The students’ union in Trinity has a new president, one Shane De Rís. He apparently doesn’t like me (or indeed himself) very much. “I want this to be the last time four white male candidates stand upon this stage. I will refocus the SU to make sure it represents all students in Trinity,” he proclaimed at some place or another. It might be worth examining a statement like that and seeing where it comes from and where it might lead.
I’m not going to suggest President-elect De Rís actually meant it. He apparently thought he was the best man for the job, despite his unbearable masculine whiteness. The thought did not originate in his own head; nobody uses “male” as a noun in normal conversation.
Chances are he’s noticed that he’s not in Indonesia and that anything that happens in a 93% white country is probably going to involve some white men. What everyone else gets up to is not for President-elect De Rís to decide.
More fundamentally, however, is the fact that this kind of talk is not ideal. Though it is not yet particularly risky in Ireland. The rest of the world could be on fire and we’d just play Saints and Scholars on the sidelines, re-enacting the fall of Rome. It could be fun, sanctimoniously shaking our heads at the savages beyond the seas, tut-tutting and praying for their souls. Still, we should not encourage foreigners’ more dangerous and short-sighted tendencies.
Is there anyone in Ireland who checked “White Irish” on the last census and therefore feels some sort of identification with lighter-skinned people in Germany, France, Italy or Finland? There might be a few but come on. How many are we talking here, a hundred? Two hundred in the whole country?
Jared Taylor, an American white nationalist who believes white Americans should just abandon everyone else and set up an ethnostate in the Pacific Northwest, gave a speech in Dublin a few months ago. He noted approvingly that Ireland was “startlingly white,” and discussed something he called “The worldwide brotherhood of Europeans.”
If only someone had informed the IRA and UVF that they were in a worldwide brotherhood of Europeans. What a silly bunch they were. People will of course form alliances with whatever works. You’ll find Palestinian flags all over the more republican areas of Derry and Belfast, and Stars of David flying beside Union Jacks a few hundred metres away. The British embassy to Iran is on a street named after Bobby Sands and there are probably a few AK-style rifles still knocking around in the hands of organised crime syndicates, left over from massive Libyan donations to the Provisional IRA.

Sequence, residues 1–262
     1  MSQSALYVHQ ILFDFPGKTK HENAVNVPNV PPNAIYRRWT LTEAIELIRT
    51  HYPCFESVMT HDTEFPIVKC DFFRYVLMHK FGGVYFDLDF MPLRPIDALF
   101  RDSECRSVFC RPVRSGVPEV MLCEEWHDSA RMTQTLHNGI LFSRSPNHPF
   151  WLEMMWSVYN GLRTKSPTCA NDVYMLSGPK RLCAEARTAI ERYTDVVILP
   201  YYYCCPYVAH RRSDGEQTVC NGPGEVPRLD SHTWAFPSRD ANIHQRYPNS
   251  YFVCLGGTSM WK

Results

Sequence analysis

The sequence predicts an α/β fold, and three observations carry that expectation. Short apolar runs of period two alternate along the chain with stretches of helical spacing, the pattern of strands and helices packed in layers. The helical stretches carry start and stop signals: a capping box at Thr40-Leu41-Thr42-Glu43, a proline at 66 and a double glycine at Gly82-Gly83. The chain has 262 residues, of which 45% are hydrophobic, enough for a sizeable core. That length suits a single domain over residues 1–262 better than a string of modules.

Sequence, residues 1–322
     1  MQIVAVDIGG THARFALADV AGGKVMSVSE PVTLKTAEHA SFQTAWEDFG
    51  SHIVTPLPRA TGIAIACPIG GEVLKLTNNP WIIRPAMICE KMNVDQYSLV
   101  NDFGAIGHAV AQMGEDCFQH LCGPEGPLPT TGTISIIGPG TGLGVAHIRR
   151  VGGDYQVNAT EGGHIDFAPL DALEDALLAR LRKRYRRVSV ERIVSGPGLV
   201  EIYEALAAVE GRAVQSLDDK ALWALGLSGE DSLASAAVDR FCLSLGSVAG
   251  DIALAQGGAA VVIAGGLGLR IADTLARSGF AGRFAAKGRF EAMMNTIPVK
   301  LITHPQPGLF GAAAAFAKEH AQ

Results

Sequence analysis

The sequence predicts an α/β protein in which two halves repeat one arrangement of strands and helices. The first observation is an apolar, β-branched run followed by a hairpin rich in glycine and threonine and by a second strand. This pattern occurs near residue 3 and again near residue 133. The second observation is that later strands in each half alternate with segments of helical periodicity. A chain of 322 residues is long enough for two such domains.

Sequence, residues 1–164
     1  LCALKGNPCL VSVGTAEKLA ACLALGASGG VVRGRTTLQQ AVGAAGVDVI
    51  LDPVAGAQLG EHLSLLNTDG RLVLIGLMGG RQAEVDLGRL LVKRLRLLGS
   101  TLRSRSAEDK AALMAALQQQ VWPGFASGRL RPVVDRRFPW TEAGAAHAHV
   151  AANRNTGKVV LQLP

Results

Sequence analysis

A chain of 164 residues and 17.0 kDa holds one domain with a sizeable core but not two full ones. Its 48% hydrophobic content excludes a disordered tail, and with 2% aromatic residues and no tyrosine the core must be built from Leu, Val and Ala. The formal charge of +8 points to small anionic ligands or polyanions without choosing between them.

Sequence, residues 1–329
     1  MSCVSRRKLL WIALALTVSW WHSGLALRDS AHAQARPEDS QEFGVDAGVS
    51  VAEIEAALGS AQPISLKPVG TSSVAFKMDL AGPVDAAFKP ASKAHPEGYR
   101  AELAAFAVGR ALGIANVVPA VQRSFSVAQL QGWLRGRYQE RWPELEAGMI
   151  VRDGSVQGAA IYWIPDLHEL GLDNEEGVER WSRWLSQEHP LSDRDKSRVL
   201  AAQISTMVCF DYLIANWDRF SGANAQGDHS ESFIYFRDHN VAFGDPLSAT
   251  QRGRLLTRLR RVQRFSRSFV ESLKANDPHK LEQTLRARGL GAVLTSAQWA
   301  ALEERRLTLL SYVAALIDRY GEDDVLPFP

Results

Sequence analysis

It is in less-irrelevant parts of the world where things might be more precarious whenever this race rhetoric is used. Over in the USA and to some extent in Britain, a pathological obsession with race has been springing back up over the last ten years or so, like some sort of weed that just won’t quit. You would have to be completely unhinged to think encouraging the growth of this weed was a good idea. If people hear something enough times they might be tempted to believe it.
Chris Rock’s latest offering on Netflix includes a few harmless jokes about “what whitey do.” They’re funny. Meanwhile, outside the realm of comedy, serious institutions are peddling things like:
Queer black marxist feminist political economy in a white-supremacist heterosexist-homophobic capitalist patriarchy (by a lecturer in economics at the University of Missouri – Kansas City)
Whiteness and Everyday Leisure (a meditation on coffee and The Guardian by a Professor of Music, Leisure and Culture at Leeds Beckett University)
The Perilous Whiteness of Pumpkins (a collaboration between the University of British Columbia and the University of North Carolina, Chapel Hill, examining “how class, gender, place, and especially race are employed in popular media and marketing of food and flavor”)
And a PhD dissertation from Syracuse University which claims that “”African-American” and “Black” are not only racial designations, but they are political locations.”
I invite you to consider for three minutes what the world would look like if normal people took this kind of thing seriously. What would the world look like if people actually, truly thought that everyone of a similar skin tone, bone structure or eye colour had common interests which were opposed to everyone else’s? “Better not call the police on my white brother over there”, “I’ll blame the nearest black guy”, “I was about to help dig your car out of the snow but then I noticed your eyes were brown, sorry”.
Would the world be a better or worse place if you and your friends were currently loading up to deploy as militia in South Africa, preparing either to help appropriate the land of white farmers or defend the same land, roaring “COME AND TAKE IT IF YOU DARE” amid a storm of bullets?
Will the USA become a happier, more prosperous country if it continues the way it’s going? If one day, with the Constitution thrown in the bin, with skin colour predicting voting patterns, with no common story, it finds that it is a number of vague racial collectives, characterised by deep mutual distrust, who just happen to occupy the same part of the world?
Has that ever ended well? Is it possible to conceive of that ending well?
This pathological cultural tide sweeping the world may be too big to hold back. Maybe all is lost. We can start somewhere though. We can each decide that we aren’t going to join this reckless, genocidal, suicidal identity game.
If the alternative were taken to its logical conclusion we’d all end up eating each other.
Maybe that’s not a good enough reason to keep a hold on our worst instincts but we should at least give it some thought.